Part 3: From Grave to Perpetuity

From the arrival of the body at the cemetery until the closing of the grave, state law requires that a licensed funeral director be in attendance. Most often, the director will also deliver the cemetery fees payment once all work has been completed. Besides the labor necessary to open the graves, Forest Hill sells spaces in the cemetery and in their mausoleum and charges for various other services.

As for space, families can purchase a burial lot, a full-size mausoleum crypt, or a mausoleum niche suitable for cremated remains. Prices in 2015 range from $500 for an infant lot to $13,440 for an eight-person family lot. However, those fees only apply to residents of the City of Madison. Non-residents pay an additional $250 to $4,160 depending on the size of the lot. Crypts range from $3,655 to $5,400, while niches cost between $760 and $4,950. The different prices depend on the location within the mausoleum.

A City of Madison van parked outside the Forest Hill Office. Photo by Brad Baranowski.

A City of Madison van parked outside the Forest Hill Office. Photo by Brad Baranowski.

Services for interment or entombment are available at a flat rate that varies depending on the size of the grave, crypt, or niche. Entombment runs from $200 to $875 and interment from $360 to $925. In both cases, the smaller space needed to bury or entomb cremated remains incurs a correspondingly smaller fee. As mentioned above, after-hours services cost an additional $500 to $1000 due to staff overtime. The cemetery charges no fee for infants younger than one year old. Also, the city waives space and service fees for any Madison resident who served in the military.

Forest Hill’s additional services include memorial lettering on a crypt or on a niche and installing government-issued granite, marble or bronze headstones for the graves of veterans. Their employees can even be hired as pallbearers.  On rare occasions, the staff has also been asked to disinter or disentomb bodies. While fans of crime procedurals may imagine disinterments for some sort of forensic investigation, these procedures most often take place when a family wishes to move their loved ones to be closer to other family members.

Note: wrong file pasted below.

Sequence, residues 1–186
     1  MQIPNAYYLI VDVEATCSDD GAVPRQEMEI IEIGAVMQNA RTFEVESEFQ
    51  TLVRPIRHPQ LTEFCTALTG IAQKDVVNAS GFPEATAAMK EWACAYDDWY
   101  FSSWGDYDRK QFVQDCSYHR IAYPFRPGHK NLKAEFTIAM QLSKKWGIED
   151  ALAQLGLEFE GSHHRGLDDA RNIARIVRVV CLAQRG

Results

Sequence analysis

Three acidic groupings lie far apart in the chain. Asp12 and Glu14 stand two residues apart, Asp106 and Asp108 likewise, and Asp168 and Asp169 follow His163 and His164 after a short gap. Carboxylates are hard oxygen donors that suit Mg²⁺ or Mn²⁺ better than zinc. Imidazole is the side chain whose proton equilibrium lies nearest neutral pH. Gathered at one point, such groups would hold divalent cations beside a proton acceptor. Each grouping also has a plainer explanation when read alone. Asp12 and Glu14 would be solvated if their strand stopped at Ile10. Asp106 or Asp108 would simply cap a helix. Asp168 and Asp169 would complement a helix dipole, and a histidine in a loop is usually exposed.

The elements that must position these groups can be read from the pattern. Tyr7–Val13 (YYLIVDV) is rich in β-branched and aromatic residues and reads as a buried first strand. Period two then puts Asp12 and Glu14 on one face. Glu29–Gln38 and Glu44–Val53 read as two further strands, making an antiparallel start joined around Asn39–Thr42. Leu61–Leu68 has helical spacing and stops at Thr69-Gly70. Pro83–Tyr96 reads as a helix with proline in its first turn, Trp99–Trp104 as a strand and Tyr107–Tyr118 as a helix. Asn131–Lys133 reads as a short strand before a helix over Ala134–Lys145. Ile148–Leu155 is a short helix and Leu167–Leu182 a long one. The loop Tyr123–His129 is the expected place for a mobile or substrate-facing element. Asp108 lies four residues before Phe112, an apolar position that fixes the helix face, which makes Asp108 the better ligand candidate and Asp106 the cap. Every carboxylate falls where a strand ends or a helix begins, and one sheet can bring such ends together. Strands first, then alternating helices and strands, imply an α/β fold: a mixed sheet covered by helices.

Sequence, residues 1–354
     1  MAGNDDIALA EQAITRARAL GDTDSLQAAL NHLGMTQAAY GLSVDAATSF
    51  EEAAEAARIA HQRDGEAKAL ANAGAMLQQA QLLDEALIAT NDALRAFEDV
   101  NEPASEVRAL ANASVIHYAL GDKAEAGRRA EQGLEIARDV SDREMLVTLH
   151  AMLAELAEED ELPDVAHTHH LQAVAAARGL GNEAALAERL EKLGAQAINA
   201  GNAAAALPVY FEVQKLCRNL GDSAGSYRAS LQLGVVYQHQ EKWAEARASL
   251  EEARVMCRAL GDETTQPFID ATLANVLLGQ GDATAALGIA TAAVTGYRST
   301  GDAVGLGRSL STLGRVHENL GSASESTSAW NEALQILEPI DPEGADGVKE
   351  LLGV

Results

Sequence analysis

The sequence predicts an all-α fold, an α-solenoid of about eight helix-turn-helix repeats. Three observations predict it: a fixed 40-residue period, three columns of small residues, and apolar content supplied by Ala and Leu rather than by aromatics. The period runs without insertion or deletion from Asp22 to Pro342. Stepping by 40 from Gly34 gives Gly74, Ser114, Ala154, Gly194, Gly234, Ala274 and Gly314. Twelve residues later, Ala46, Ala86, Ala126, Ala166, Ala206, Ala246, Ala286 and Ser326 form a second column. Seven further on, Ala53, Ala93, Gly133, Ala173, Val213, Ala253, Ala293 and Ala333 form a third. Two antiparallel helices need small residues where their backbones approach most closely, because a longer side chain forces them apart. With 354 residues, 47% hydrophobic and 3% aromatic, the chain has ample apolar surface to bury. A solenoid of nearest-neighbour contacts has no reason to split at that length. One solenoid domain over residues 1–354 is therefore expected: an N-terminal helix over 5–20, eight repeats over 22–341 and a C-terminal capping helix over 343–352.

Flags in storage at Forest Hill awaiting Memorial Day. Photo by Brad Baranowski.

Flags in storage at Forest Hill awaiting Memorial Day. Photo by Brad Baranowski.

To calculate all of their prices, the cemetery staff does a market comparison and sets new rates each year. Prices increased by 10% for 2015. Throughout 2014, Forest Hill brought in around $230,000 in revenue from lot sales, entombments, and services. About three-fourths of that amount came from interment services and most of the other quarter from lot sales. Entombments and crypt sales earned just $8,000. During that same year, the cemetery conducted 185 interments and 27 entombments, while selling 74 burial lots and 6 mausoleum spaces. Although lower than several recent years, these numbers are still within the typical range of the past decade. Although Laura Bauer takes in the revenue, and Karen Thompson tracks the numbers in annual reports, the Parks Division handles all of the budgeting for Forest Hill.

Once a cemetery, always a cemetery

Unlike many other businesses, a cemetery has the long term responsibility of remaining a place of rest and memorialization in perpetuity. Cemetery managers attempt to achieve this goal through what is known as an endowment care fund, also known by the older term “perpetual care.” This trust fund is designed to allow a cemetery to be managed and cared for forever, long after it is sold out. But the existence of an endowment care fund does not, in itself, guarantee this promise. Economic conditions, competition, management decisions, and the evolution of its surrounding community all affect the life cycle of a cemetery.

Perpetual care marker at Forest Hill.

Perpetual care marker at Forest Hill. Photo by Claire S. Bjork.